Unsecured Wifi

If you find yourself in need of a wifi connection – at a doctor’s office, or somewhere else that isn’t home – and you don’t have a way of turning your phone into a Wifi hotspot*, if you search for available connections and you come upon an unsecured wifi connection – is it ok to use that connection?

Is it fair game because it’s unsecured? Like listening to a neighbor’s music through the open window?
Is it stealing because you have no permission and because you slow down the bandwidth?
If your use doesn’t slow down the bandwidth is it still stealing?

Curious as to your thoughts.

(*or you have no idea how to use that option on your phone because it NEVER works for you.)

11 responses to “Unsecured Wifi

  1. It’s not stealing because they CAN secure the connection! Their fault that they didn’t. Ignorance is no excuse– verizon secured our network for us when we had everything installed!

  2. In a time and place , where even a FULLY SECURED WEP encrypted WiFi network can be hacked in less than 60 minutes ..

    Its not a crime to utilize an unsecured connection.

    Only a WPA-2 connection having more than 10 letters in the password (including a few numbers) is KINDA safe,, but not hack Proof .. anything and everything electronic can be hacked …

  3. I don’t think of it as stealing. If I had an unsecured wifi I would assume other people would use if. But I don’t know if everyone feels the same. It’s not like “stealing” in the same way as walking into an unlocked door and borrowing a few potatoes is–it’s more like picking a leaf off a neighbors tree IMO. Some people might be bothered by it, but I am not. I wouldn’t permanently “borrow” the wifi or use up their bandwidth anymore than I would help myself to a bouquet from a neighbor’s garden. It seems people should be able to tell the difference between that sort of thing…

    I don’t know how verizon feels about it though heh.

  4. Some routers can run 2 networks at the same time, one personal one that is fully secured and allows access to all the machines on the network, and a second one that is unsecured and only allows access to the Internet.

  5. I would be more worried about the security issues of using an unsecured wifi network.

  6. QUOTE:
    “It’s not stealing because they CAN secure the connection!”

    So, it’s OK to walk into someone’s home if the door is unlocked and take what you want?

    QUOTE:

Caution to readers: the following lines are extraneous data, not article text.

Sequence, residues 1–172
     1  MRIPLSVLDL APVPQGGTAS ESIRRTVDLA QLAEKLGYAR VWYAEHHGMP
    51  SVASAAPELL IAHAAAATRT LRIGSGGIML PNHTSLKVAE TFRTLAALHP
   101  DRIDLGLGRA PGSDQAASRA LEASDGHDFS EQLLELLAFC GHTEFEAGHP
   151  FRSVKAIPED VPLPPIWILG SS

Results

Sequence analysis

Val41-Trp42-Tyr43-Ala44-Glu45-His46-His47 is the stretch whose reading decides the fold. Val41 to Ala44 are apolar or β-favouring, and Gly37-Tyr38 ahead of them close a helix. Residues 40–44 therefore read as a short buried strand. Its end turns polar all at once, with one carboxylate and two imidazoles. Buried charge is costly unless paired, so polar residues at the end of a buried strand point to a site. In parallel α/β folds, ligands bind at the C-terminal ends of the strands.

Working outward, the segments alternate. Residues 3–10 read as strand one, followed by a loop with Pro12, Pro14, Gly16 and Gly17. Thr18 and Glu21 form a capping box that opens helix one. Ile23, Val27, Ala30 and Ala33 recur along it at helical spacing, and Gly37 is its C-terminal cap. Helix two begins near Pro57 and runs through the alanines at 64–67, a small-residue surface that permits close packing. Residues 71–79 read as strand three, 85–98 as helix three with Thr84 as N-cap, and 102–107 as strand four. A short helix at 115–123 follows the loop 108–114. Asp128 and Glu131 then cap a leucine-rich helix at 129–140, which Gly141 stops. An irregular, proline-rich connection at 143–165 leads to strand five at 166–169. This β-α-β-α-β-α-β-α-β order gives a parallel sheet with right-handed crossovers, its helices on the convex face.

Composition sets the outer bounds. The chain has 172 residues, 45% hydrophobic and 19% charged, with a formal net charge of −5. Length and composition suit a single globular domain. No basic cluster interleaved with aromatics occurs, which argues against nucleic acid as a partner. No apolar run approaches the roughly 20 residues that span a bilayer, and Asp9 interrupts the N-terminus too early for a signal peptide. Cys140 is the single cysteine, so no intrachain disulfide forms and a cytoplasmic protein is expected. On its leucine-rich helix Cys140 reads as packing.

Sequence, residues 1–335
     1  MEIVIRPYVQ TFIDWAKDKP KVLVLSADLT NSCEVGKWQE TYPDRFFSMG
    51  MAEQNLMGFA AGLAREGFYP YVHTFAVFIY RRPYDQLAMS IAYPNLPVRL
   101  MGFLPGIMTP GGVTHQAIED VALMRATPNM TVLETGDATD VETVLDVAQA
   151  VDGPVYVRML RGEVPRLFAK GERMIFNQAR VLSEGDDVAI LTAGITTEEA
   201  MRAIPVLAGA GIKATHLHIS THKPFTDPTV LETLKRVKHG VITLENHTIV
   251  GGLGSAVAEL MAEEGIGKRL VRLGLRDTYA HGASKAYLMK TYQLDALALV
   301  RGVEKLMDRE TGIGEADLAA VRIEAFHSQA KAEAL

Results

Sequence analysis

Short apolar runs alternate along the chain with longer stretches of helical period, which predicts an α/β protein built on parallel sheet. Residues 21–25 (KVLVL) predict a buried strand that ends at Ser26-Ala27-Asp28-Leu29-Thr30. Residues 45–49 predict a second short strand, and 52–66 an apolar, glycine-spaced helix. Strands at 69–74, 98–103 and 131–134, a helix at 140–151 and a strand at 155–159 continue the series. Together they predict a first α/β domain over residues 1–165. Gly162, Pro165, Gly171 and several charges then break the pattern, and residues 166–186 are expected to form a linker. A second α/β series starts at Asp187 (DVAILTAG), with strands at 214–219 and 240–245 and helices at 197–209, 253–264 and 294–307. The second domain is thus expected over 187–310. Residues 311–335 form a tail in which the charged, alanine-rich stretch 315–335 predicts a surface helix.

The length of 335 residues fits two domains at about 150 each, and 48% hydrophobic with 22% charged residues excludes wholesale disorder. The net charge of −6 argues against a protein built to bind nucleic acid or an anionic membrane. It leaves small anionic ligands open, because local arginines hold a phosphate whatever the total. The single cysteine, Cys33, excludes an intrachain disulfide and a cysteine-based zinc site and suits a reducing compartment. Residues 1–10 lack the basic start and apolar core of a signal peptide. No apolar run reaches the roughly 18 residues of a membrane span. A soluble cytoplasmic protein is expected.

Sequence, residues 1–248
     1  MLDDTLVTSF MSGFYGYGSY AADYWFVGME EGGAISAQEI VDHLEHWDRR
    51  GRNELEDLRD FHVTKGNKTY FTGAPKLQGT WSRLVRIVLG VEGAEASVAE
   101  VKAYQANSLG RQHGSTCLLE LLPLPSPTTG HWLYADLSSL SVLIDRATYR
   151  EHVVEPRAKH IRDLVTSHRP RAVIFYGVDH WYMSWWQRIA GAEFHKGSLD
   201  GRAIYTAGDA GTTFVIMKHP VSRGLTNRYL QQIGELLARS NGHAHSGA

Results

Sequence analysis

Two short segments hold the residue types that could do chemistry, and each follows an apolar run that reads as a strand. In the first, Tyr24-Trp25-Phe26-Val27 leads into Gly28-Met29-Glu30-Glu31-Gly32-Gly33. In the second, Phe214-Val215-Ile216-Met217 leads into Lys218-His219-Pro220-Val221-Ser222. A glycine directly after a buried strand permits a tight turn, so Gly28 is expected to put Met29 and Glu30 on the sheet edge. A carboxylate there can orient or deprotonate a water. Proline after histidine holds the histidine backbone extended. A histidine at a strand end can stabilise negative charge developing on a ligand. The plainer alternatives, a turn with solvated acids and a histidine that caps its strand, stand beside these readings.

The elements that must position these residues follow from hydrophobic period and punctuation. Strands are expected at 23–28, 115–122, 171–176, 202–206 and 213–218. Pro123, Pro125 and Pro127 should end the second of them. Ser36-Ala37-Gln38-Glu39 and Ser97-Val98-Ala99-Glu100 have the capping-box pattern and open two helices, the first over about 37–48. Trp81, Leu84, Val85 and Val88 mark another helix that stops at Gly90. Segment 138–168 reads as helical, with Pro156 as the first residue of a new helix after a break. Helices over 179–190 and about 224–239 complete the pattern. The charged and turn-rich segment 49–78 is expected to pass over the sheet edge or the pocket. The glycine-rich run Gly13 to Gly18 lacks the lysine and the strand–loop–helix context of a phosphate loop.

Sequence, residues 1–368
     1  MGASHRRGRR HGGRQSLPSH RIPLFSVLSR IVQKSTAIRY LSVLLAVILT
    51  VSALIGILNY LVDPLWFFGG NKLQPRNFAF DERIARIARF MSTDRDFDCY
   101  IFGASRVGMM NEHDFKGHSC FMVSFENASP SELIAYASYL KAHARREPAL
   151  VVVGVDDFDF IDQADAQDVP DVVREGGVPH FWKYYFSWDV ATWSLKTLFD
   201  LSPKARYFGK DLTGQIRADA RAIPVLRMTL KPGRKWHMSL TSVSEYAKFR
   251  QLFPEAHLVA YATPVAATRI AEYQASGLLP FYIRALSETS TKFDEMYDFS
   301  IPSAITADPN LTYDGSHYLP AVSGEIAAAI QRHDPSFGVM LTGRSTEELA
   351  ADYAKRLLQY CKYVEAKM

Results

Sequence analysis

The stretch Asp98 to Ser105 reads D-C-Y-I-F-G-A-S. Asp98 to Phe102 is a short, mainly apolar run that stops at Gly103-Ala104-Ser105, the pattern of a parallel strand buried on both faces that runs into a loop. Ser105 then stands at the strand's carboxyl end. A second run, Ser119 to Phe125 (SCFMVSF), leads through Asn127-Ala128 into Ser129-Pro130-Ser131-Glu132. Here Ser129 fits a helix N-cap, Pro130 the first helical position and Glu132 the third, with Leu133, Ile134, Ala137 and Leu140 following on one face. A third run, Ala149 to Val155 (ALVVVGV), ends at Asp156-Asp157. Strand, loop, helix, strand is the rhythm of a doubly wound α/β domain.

“It’s not like “stealing” in the same way as walking into an unlocked door and borrowing a few potatoes is–it’s more like picking a leaf off a neighbors tree IMO”

    Both those things are stealing. Just because the monetary values may differ doesn’t change the moral status of the act. To quote a famous anecdote: “We’ve already established what you are. Now we are merely haggling over the price!”

    http://www.anecdotage.com/index.php?aid=11508

  7. Stealing is what is considered theft by the person/community. Someone taking a leaf from a tree isn’t considered stealing by general standard, where are romping through the garden and picking all their potatoes would be.

    I suppose you could say it would be right to ask first to clarify if the person considers it stealing.

  8. Whether or not it’s stealing is insignificant. It’s not appropriate. Simple.

    • It’s not that simple. Scores of people and organizations leave an open WiFi for guests to use. Whether it is a doctors office, and airport, or a restaurant, open WiFi access can be found in many places. In fact, modern home wireless routers specifically added a feature to allow a “guest” network to be setup that has access to the Internet, but no access to the machines on the home network.

      • You are speaking about two different things. The first is a public WiFi that is indeed there for public use – MacDonalds, Library, other restaurants etc. The second is an unwittingly public WiFi. For example, we recently moved house and when my laptop does a search for WiFi connections it comes up with a host. I can clearly see our home network which is secured with a password. I can also see the networks of my neighbours which are named and also password secured. On the list there is another network which is unsecured. We don’t live near enough to any shops, cafes, restaurants or other facilities that might have a truly public WiFi. In my mind, this network is unwittingly unsecured. For me to use it would be stealing. Am I wrong?

        • I’m saying you can’t be sure. I just purchased a new wireless router (from Amazon and waiting for it to arrive) and will be setting up our internal home network. But I will also setup a guest network, and I haven’t decided yet if it will be password protected or not. And if a neighbor needs to use it sometimes (for example their Internet is out) I don’t think I would have a problem with that.

          Some of the routers apparently add the word “Guest-” to the SSID so you can tell if it is setup for guest access.

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